Farmers from a growing number of villages across Maharashtra are passing resolutions to go on strike from June 1, stop sale of any agrarian produce to begin with and not sow any crop if the government does not accept their demands.
There is widespread resentment among farmers because prices of commodities such as onions, vegetables and pulses have fallen below the cost of production, and the government has failed to implement effective procurement measures.
“Our generations have fought on the roads demanding the right price for our produce, but we haven’t got any justice. Hence, we want to try this smart and new idea of going on strike to awaken the government, which is not ready to take any farmer centric policy decision,” said Yogesh Rayate, a grape farmer from Nashik district.
He said he has been waiting for about a decade for the government to allow import of African grape varieties, which could reduce the production cost by half and have better acceptability in the international market.
Having spent Rs 70,000 as primary expenses on a two-acre brinjal plot, Rayate has been asking anyone and everyone to take the brinjals for free as the price in the local market has dropped to just about Rs 2.5 per kg. “About 40-50 villages from Nifad and Chandvad talukas have contacted me for joining the agitation,” said Rayate.
Farmers have demanded complete loan waiver, supply of free electricity to farms, implementation of the recommendations of the Swaminathan Committee Report, full subsidy for micro irrigation systems and a minimum price of Rs 50 per litre for milk.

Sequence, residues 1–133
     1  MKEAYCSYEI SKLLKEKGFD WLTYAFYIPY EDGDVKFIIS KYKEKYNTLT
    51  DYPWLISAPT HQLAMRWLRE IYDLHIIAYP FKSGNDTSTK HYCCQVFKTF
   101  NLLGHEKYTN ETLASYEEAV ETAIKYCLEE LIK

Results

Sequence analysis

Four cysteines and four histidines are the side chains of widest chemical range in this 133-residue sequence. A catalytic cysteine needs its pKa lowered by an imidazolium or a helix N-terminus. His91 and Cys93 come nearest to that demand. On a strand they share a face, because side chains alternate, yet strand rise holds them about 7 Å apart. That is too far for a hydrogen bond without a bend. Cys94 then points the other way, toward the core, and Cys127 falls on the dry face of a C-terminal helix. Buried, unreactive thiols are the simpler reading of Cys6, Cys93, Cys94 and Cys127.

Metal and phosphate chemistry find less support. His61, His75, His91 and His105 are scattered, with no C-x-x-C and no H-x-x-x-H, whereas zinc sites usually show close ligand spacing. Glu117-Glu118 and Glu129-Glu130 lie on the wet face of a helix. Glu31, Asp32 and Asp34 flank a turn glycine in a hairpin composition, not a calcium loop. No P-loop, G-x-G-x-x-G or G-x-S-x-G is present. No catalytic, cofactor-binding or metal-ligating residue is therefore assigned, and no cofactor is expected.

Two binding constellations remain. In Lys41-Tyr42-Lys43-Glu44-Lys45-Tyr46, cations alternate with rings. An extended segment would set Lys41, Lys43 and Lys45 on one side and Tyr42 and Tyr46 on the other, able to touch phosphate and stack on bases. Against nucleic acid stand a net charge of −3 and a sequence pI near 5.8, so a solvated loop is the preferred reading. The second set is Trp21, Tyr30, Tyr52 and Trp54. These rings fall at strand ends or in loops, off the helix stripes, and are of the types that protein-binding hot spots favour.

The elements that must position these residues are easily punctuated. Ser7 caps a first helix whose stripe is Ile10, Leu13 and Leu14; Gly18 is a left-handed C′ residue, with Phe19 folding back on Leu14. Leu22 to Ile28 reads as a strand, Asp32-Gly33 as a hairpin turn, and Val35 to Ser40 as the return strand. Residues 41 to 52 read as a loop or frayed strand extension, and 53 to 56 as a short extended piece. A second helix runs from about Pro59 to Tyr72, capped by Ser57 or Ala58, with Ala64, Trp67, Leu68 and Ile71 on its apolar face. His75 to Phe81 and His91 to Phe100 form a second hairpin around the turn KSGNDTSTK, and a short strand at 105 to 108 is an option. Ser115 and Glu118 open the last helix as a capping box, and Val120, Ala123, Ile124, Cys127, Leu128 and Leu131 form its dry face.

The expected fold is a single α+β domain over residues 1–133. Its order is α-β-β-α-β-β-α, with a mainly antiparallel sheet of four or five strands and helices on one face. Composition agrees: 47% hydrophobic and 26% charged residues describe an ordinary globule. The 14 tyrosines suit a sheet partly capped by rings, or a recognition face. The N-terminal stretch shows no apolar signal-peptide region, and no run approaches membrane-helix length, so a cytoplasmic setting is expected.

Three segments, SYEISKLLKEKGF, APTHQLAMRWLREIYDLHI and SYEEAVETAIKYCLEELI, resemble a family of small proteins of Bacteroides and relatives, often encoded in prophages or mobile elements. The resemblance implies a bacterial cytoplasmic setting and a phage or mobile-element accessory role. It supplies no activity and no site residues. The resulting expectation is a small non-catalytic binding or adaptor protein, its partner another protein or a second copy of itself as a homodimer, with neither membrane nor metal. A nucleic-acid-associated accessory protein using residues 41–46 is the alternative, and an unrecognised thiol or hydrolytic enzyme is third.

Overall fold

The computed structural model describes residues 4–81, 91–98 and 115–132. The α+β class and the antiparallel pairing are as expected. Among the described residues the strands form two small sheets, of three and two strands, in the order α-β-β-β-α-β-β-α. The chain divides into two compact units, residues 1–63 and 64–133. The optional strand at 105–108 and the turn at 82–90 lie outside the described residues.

The Lasalgaon agriculture produce market committee, the largest in Asia for onions, had organised a meeting to take guidance from Dhanajay Jadhav from Puntamba village of Ahmednagar district, where the first resolution to go on strike was passed on April 3. Since then, the leaderless movement appears to have spread like wildfire, with about 70 villages having passed the resolution to join the strike.
The agitating farmers have decided to submit their resolutions en masse to the government on May 1, when it is mandatory for all the village panchayats to organise gram sabhas. Villages in vicinity of Lasalgaon have decided to join the agitation as onion prices have fallen to about half the cost of production. “Our teams will spread out from April 22 to different parts of the state to explain the demands to the villagers,” said Jadhav.
Farmers have decided to involve the cooperative dairies, which they claim have agreed to refuse sale of liquid milk and instead process it into various milk products from June 1.